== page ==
Sergeant Major of the Army Michael Grinston says there will be a large investment in barracks facilities coming to Army installations over the next 10 years.
“Our goal is, by 2030, we are not going to have any Q4 or Q3 barracks in the United States Army,” Grinston said Tuesday during the virtual Association of the United States Army conference.
The Army uses quality ratings to guide its allocation of resources.
A Q3-rated facility is one that fails to meet the Army’s minimum standards, and the cost to improve it is no more than 40 percent of the replacement value. A Q4 rating means the building fails to meet minimum standards, but the cost to improve it would exceed 40 percent of the replacement value.
To achieve its goals, the Army has requested $9.6 billion for barracks repair and reconstruction that will continue through fiscal 2030. Between fiscal years 2014 and 2019, Army Installation Management Command spent roughly $1.9 billion on repairs to barracks at Fort Hood, West Point, Fort Riley, Fort Bragg and elsewhere.
Grinston told Army Times in February that barracks improvements would take place at domestic and overseas posts, but would be done judiciously, prioritizing the worst-kept barracks.
“One of my favorite initiatives that I saw up in Alaska was the kiosk, right there in the barracks,” the Army's senior enlisted leader said.
The Army owns about 6,700 barracks facilities, and almost all installations with barracks have at least one in a Q3 or Q4 status, Army Materiel Command officials told Army Times earlier this year.
“I’ve also been going out to the barracks," Grinston said, "and I’d ask for every leader and every soldier, when we re-do the barracks, you have to do your part to maintain the barracks.”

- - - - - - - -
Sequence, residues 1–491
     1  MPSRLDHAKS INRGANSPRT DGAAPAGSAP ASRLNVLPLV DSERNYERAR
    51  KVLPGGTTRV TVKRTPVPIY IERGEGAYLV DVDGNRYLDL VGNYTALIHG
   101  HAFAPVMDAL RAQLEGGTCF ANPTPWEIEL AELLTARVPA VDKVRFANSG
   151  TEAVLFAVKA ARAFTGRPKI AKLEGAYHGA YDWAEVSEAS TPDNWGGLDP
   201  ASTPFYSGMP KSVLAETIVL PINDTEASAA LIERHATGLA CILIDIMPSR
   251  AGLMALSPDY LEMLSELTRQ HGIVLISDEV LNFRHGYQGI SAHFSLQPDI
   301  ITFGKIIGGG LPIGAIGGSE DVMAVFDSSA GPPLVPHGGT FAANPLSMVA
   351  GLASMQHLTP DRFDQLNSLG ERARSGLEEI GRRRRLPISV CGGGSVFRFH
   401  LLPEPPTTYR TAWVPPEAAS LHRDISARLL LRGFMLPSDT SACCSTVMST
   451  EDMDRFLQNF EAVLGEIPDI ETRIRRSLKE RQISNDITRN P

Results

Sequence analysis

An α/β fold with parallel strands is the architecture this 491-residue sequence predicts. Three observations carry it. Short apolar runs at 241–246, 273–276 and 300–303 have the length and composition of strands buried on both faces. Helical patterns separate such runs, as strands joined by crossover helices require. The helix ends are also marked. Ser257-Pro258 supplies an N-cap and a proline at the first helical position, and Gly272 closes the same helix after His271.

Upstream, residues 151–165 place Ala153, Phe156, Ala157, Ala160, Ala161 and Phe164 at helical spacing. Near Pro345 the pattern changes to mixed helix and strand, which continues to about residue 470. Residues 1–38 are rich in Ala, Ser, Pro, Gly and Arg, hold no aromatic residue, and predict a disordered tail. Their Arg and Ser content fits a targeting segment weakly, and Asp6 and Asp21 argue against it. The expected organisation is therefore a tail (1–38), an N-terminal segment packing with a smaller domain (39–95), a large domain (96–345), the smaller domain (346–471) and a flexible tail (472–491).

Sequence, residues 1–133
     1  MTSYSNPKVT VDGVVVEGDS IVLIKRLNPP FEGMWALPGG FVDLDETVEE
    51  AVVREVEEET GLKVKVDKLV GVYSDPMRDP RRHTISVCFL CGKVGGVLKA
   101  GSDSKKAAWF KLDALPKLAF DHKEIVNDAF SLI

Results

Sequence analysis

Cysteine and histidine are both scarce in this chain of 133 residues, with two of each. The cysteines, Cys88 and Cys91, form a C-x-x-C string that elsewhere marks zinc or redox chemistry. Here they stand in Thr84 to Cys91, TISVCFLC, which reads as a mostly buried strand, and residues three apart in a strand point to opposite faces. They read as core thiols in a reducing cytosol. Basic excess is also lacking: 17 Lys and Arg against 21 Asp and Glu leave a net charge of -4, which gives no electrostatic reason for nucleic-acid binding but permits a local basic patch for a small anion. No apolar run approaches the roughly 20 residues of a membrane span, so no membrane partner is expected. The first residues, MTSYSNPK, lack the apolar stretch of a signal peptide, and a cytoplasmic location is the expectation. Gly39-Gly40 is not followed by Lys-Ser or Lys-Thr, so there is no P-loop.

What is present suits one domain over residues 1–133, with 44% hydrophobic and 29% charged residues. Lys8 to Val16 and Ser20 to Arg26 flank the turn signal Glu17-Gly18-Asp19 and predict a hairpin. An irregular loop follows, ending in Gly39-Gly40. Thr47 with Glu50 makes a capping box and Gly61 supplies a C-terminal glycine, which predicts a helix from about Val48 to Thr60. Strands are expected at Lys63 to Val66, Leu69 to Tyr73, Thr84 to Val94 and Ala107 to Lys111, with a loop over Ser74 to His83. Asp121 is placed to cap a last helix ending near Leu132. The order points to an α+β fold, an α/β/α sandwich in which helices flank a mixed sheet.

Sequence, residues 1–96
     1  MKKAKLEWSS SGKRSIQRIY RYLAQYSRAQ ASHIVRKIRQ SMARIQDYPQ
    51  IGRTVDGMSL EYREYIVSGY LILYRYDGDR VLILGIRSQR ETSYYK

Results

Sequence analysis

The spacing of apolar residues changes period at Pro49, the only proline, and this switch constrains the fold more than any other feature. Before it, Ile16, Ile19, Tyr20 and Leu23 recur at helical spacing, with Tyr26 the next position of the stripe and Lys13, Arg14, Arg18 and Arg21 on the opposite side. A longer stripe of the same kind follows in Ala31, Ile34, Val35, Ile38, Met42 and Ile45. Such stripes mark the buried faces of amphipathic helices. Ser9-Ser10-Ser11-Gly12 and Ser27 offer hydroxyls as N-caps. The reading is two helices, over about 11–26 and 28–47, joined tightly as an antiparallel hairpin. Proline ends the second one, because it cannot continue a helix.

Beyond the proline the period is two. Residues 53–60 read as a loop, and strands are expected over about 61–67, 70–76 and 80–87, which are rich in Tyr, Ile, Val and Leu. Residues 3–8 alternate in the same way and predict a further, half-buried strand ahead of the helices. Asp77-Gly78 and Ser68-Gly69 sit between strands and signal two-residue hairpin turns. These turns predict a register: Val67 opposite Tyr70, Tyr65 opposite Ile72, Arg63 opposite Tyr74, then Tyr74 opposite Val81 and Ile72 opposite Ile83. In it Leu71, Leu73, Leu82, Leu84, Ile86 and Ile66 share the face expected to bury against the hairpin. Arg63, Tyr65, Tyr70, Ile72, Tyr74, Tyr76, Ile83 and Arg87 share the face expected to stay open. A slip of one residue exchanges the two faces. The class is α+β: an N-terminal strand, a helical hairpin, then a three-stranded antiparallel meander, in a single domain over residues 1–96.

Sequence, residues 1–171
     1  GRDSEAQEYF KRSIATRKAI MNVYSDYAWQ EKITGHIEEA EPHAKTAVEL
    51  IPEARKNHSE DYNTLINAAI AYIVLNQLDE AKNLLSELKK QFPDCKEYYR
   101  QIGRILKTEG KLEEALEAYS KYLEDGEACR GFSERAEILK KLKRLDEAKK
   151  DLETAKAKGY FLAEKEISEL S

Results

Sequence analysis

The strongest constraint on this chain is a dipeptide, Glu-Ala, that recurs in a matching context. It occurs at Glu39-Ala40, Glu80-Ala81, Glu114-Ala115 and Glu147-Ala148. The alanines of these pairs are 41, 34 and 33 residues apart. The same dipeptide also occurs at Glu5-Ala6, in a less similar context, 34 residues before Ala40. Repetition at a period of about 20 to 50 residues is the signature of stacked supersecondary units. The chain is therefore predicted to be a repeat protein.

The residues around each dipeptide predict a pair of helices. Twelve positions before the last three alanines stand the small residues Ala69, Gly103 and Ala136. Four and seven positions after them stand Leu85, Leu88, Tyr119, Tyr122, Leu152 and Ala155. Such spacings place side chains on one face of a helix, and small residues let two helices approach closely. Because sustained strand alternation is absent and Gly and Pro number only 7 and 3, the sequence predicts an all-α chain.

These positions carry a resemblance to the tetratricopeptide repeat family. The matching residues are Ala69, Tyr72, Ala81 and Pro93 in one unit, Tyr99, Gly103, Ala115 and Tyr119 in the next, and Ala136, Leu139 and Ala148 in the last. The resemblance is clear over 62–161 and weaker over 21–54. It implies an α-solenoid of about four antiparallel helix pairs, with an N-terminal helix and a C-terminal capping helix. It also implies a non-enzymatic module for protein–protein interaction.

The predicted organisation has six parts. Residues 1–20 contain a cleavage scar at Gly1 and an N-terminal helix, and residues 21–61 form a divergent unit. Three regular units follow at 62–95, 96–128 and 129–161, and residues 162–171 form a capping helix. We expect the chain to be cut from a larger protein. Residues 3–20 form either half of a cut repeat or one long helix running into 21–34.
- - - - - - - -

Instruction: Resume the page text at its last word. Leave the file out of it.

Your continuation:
Part of that responsibility falls on those who live in those facilities, but it also falls on leadership, according to Grinston. With rooms changing hands regularly as young troops rotate through, leaders must regularly check out where their troops live and address problems like mold, plumbing issues and derelict heating and cooling systems.
Big changes for enlisted soldiers are being implemented this coming year, including an “assignment marketplace” for staff sergeants through master sergeants and promotion boards dialing in on how much NCOs know about their subordinates.
“It is okay to walk through the barracks. If something is not right, demand — not just ask — demand that we fix it,” Grinston said.
“Why are the lights out, why is this door broken … why is the refrigerator [out], why does the laundry, washer and dryer not work?” Grinston told leaders to ask. “And then demand that somebody come fix it today.”
In addition to the problem with substandard barracks, there’s also a noticeable gap in their quality across the military. Some barracks don’t have air conditioning, and even some that do have old units that need to be updated.
Shortly after Grinston took on the job as the Army’s top enlisted soldier, he said barracks improvements topped his list of quality of life issues and promised he would address them during the first year of his tenure.
Grinston told Army Times earlier this year that the goal is to have all Q1- and Q2-rated buildings, meaning the facilities meet Army standards and that the cost to improve them would not exceed 10 or 20 percent, respectively, of their replacement value.